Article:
Along with associates Viking Eggeling and Walter Ruttmann, Berlin-born Hans Richter (1888-1976) was one of the first visual artists to transfer his experimentation with form to film. Not that the canvas or the screen monopolised his interests, nor did he accept the confines of one movement, although he is remembered as one of the founders of Dadaism. In almost seven decades of creative endeavour, Richter also had vital connections to Expressionism, Constructivism, Futurism and Surrealism, and after the Second World War passed his filmmaking ideals on to a new generation of cinematic artists, including Stan Brakhage, Maya Deren and Jonas Mekas.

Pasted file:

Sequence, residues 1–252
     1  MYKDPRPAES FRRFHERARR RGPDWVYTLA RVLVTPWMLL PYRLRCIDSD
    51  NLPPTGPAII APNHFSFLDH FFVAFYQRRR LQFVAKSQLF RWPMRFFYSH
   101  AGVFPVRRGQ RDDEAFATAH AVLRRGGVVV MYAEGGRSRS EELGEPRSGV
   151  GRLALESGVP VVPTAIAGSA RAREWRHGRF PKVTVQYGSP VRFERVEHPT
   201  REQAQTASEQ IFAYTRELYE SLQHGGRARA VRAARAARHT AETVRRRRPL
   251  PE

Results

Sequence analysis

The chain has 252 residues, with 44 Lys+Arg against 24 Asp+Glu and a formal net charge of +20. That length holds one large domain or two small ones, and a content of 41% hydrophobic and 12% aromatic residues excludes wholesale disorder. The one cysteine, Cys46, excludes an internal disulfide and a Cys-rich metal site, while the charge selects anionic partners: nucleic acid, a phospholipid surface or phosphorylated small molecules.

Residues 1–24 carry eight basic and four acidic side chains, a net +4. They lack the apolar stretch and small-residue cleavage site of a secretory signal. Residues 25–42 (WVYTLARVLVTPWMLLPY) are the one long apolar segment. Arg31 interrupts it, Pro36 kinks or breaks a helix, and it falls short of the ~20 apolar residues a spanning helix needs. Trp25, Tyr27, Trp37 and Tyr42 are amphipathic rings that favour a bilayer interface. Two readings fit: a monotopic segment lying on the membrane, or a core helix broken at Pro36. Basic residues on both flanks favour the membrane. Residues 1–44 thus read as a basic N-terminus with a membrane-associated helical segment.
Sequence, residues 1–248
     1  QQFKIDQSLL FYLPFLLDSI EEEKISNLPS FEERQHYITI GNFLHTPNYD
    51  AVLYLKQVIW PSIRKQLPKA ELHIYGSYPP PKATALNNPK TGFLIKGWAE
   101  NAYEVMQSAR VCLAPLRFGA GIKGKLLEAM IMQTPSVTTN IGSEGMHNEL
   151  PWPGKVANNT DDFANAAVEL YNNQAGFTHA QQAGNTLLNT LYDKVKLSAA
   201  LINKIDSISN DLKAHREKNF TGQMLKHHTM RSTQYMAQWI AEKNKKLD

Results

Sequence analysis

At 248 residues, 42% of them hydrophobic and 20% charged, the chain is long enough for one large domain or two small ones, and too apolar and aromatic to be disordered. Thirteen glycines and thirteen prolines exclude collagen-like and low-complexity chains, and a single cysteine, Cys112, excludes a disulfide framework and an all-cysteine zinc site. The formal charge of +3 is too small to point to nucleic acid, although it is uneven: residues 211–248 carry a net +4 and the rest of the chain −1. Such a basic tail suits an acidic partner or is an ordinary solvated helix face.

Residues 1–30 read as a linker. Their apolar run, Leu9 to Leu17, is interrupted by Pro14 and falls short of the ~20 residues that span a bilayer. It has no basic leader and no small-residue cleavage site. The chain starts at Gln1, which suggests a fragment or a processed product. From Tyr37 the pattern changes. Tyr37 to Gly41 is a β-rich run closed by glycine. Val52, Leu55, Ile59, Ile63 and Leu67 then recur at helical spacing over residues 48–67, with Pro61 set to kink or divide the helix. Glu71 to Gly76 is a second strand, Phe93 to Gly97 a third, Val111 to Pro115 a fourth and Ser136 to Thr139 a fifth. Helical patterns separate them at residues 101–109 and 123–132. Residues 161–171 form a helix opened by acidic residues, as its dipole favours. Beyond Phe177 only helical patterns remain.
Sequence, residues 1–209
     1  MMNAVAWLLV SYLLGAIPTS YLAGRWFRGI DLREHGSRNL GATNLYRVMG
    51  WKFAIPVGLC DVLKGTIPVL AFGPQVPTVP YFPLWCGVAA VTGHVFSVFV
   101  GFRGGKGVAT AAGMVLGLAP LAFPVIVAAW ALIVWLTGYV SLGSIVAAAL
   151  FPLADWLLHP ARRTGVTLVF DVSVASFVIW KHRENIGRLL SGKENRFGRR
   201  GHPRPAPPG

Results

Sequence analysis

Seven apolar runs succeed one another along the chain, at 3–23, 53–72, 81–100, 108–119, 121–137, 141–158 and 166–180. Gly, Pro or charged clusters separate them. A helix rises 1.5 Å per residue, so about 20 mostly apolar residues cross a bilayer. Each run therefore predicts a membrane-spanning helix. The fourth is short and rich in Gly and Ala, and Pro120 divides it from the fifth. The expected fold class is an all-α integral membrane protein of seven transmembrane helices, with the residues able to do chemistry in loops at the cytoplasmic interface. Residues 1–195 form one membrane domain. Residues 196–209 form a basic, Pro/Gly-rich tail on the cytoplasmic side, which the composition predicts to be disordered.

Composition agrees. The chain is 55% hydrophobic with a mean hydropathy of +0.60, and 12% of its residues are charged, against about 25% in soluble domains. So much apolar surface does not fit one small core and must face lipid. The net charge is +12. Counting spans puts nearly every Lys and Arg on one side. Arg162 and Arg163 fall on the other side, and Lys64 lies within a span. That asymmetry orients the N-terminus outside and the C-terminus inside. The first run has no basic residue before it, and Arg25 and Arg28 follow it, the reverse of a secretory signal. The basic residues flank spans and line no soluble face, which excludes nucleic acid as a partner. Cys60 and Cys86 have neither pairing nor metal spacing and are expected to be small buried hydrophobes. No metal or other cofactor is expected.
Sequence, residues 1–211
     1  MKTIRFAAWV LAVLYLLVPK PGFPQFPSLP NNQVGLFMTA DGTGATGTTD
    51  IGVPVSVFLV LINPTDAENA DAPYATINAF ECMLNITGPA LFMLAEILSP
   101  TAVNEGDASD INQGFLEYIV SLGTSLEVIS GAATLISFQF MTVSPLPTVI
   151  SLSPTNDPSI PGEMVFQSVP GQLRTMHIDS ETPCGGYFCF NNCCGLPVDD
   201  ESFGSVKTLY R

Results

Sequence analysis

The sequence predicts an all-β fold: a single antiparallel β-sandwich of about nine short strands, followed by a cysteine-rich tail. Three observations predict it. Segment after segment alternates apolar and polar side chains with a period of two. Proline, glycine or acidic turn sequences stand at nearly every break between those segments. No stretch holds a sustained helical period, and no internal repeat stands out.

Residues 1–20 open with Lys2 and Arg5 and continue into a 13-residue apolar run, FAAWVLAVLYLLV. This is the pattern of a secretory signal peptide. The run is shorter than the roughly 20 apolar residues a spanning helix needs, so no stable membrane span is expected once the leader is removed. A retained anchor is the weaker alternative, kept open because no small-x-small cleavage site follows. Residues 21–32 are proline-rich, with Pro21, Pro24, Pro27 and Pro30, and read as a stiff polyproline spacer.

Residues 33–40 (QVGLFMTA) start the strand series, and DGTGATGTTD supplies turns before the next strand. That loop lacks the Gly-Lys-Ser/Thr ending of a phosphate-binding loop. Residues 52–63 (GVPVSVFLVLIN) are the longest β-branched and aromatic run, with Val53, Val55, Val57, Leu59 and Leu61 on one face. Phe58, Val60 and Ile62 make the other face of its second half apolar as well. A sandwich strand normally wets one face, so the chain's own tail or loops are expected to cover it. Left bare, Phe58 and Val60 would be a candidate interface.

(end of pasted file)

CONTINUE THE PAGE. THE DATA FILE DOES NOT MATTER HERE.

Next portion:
Encounters, a major exhibition covering Richter’s entire career, was held in Los Angeles last year and after a stopover in the Centre Pompidou Metz it begins again tomorrow in Berlin’s Martin-Gropius-Bau. This not only returns Richter to the city of his birth, but also to one of the venues of a 1929 touring exhibition entitled Film und Foto. Curated by Richter himself, it represented the most significant artistic innovations in still and moving photography that the age had to offer. Among the films common to both exhibitions is Richter’s Vormittagsspuk (Ghosts before Breakfast), made in 1928:
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